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April 7, 2006

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Audiovant is a new podcast featuring interviews and performances by indie rock acts. The first three installments are extremely interesting: Clap Your Hands Say Yeah, Tapes 'N Tapes, and Jens Lekman.


The Sacramento Bee lists television shows that have helped sell music.


The Mountain Goats Australian tour EP, Babylon Springs (which includes a Trembling Blue Stars cover), is available from HMV.com.au (mine showed up the other day), and will be offered in the US by Moops Music.


Stylus lists the "Top Ten Momentum Killing Follow-Up Singles to Breakthrough Post-Grunge Albums."


In their series on Continuum's 33 1/3 books, Popmatters interviews Kim Cooper, author of my favorite book in the series (about one of my favorite indie albums), In the Aeroplane Over the Sea.

In the book, you make a conscious effort to steer clear of overanalyzing the album and its music and meanings. What was your vision of what you did and didn't want the book to be?

I didn't want it to be an autopsy. I didn't want anybody to feel like having read what some critic know-it-all had to say about the meaning of the songs, that they would never be able to listen to the record again without thinking of some cockamamie theory. I mean, I have an academic background, I have an M.A. in art history, I certainly know how to take things apart and be a good little postmodernist. But I don't think art needs that.

see also:

Cooper's LHB "Book notes" submission for the book


In other Kim Cooper news, she (along with other zines and magazines) has started a petition asking Ameoba records to stock zines. I signed, because the next time I'm in Los Angeles I'd like the option to pick up Scram while I'm record shopping...


The Guardian goes vinyl hunting with collectors.


Jack White and Brendan Benson talk to the Guardian about their band, the Raconteurs.

"Dual songwriting is something I always wanted to do, and never have," says White. "And I couldn't think of anyone better to do it with. We were building off each other so much and pushing off each other so much, really nurturing all the way, and I love that. If it was the opposite, if it was taking away or fighting to get some songs on to the album, then I wouldn't like it at all."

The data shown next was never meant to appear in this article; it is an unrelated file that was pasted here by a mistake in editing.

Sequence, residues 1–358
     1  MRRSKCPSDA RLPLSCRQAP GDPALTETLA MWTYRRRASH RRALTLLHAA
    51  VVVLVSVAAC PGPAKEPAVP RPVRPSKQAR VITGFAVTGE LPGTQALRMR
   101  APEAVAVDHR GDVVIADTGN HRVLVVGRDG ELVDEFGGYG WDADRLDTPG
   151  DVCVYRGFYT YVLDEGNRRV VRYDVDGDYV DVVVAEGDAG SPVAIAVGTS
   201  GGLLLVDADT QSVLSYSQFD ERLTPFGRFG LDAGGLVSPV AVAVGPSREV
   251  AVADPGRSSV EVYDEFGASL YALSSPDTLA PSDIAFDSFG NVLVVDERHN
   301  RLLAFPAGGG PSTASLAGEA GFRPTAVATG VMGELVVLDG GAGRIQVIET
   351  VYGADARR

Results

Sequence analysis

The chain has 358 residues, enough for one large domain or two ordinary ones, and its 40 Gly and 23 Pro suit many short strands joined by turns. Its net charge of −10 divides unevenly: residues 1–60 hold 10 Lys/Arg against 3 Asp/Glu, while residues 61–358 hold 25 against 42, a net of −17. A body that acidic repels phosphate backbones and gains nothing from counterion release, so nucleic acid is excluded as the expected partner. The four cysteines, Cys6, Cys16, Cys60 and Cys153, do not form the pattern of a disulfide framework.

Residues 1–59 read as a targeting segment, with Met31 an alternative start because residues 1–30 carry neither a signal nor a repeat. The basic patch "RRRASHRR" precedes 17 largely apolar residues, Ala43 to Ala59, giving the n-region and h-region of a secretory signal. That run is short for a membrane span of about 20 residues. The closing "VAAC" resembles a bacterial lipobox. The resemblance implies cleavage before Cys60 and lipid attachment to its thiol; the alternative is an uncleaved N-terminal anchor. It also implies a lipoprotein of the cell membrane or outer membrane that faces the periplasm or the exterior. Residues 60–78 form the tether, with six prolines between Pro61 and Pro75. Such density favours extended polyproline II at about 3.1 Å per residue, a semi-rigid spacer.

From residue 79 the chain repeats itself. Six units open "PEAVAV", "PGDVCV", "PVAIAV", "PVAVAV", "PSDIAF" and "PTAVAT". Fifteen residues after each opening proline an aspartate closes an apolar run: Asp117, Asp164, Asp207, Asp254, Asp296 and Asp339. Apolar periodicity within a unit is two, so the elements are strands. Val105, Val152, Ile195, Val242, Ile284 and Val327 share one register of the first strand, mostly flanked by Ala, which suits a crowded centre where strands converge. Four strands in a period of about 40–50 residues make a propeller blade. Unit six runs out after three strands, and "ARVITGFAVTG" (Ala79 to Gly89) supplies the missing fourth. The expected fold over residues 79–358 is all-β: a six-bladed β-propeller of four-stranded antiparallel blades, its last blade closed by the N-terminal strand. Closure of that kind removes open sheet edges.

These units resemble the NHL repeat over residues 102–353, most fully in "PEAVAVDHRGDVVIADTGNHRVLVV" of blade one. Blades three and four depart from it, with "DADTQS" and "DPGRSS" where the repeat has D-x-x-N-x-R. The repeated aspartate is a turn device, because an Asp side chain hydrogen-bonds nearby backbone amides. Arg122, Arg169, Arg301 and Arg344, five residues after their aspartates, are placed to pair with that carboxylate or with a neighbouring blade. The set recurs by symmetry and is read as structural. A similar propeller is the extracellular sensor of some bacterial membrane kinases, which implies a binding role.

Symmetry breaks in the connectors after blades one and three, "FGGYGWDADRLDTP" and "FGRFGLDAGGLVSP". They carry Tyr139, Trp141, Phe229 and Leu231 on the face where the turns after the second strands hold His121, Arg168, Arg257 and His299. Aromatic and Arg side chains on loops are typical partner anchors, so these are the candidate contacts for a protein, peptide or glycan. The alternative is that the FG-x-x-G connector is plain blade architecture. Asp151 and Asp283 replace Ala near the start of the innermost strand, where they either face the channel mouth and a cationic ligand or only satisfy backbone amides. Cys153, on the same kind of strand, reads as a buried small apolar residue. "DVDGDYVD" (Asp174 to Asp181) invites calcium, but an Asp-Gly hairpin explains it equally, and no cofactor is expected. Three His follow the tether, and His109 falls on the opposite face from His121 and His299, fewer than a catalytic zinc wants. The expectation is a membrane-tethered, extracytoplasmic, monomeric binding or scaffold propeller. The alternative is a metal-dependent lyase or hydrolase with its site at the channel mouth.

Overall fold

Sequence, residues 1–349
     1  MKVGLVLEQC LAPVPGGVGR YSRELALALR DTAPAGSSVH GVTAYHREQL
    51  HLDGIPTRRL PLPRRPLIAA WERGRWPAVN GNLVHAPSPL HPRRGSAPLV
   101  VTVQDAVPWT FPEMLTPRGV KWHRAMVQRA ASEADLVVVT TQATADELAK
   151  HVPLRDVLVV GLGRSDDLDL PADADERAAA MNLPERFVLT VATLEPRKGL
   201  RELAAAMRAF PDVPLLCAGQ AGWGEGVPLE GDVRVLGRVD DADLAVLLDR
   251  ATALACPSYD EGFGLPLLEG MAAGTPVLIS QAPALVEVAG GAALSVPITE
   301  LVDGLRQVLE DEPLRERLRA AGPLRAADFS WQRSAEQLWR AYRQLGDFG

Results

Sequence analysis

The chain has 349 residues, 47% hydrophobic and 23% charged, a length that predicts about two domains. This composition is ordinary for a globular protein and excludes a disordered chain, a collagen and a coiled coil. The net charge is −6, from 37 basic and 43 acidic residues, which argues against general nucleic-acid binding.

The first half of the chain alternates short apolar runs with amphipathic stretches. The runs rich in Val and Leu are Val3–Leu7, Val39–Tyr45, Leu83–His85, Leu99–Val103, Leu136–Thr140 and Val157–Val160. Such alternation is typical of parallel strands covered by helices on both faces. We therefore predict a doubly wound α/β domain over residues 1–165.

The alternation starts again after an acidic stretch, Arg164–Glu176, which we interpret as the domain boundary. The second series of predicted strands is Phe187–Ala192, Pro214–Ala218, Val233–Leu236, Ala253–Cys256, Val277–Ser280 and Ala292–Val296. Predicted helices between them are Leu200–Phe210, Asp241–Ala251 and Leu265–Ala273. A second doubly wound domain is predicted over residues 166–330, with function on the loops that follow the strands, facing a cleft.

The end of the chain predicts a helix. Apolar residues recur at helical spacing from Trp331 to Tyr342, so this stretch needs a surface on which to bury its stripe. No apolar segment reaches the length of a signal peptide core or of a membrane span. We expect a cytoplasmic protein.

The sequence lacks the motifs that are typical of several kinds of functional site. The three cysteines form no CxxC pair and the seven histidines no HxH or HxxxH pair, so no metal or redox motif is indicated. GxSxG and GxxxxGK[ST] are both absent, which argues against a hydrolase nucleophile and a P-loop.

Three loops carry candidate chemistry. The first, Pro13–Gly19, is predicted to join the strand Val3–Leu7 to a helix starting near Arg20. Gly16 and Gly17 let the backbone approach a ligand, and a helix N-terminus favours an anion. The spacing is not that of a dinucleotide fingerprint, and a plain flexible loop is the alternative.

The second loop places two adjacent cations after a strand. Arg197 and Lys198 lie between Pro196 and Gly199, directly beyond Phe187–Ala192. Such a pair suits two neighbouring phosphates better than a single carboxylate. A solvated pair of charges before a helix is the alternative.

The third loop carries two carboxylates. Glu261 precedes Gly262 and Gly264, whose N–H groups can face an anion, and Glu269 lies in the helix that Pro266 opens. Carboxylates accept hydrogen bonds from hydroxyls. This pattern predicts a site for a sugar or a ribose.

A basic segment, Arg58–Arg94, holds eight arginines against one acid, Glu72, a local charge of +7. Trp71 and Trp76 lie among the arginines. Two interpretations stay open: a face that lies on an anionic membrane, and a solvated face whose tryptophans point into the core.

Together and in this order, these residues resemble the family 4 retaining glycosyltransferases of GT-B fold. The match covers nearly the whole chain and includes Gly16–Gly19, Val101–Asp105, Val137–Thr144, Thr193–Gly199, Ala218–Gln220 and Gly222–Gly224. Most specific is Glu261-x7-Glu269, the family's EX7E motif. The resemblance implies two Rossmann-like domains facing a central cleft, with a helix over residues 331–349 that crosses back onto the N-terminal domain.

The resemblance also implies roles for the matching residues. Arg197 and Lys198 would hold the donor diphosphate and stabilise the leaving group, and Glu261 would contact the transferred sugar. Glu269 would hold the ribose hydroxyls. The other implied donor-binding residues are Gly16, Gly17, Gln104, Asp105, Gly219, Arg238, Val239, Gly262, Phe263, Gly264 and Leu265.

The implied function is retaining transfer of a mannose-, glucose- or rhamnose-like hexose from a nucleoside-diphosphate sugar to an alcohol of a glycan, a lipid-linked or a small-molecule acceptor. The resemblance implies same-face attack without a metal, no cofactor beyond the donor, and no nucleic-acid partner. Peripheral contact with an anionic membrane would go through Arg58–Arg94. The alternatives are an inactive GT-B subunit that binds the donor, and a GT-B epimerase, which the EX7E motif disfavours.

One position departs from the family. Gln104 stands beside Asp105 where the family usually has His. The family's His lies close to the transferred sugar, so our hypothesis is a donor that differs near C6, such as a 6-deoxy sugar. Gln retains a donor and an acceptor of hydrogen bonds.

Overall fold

Singer-songwriter Neko Case talks to the Philadelphia Inquirer.

Case has thought carefully about the function and history of reverb.

"It is about Patsy Cline and it is about Roy Orbison, but it's also about sound dynamics and actual physics," she said. "Reverb is the sound of sound echoing in a room, and that reverb goes up or down depending on how loud or soft you sing. It's kind of like the importance of having breathing in between words: You want to hear the space you're in, and reverb makes it more alive, makes it breathe more."


The Pitchfork Music Festival has added more acts to their bill.


Singer-songwriter Sarah Harmer talks to Vancouver's Westender.


The reviews are coming in for The Hardest Way to Make an Easy Living by the Streets from the Guardian (2 stars), Daily Scotsman (3 stars), and the Independent (3 stars).


The Book Standard excerpts some of author Dan Brown's court statements.


Drowned in Sound intervies Death Cab for Cutie.

Are you a band that can, or has, spawned imitators though? Do you know of acts that have obviously looked to copy certain traits of yours for a little of the same success?

Gibbard: We go to clubs in Seattle now, and everyone’s doing this… (does a little impression of some kind of post-punk-dance stuff. You know, jagged guitars et cetera.) So, I think we’re a little far down the track for that.
Walla: I think we’re the next Death Cab For Cutie.
Harmer: Yeah.
Gibbard: I do hear people, though… I just spoke to Jo (Gibbard’s girlfriend) on the phone, and she said she heard something on the radio that sounded so much like us that she had to turn it off. Which can be read a number of ways! But I don’t think there’s any market for unfashionable, 30-year-old men playing introspective rock music.


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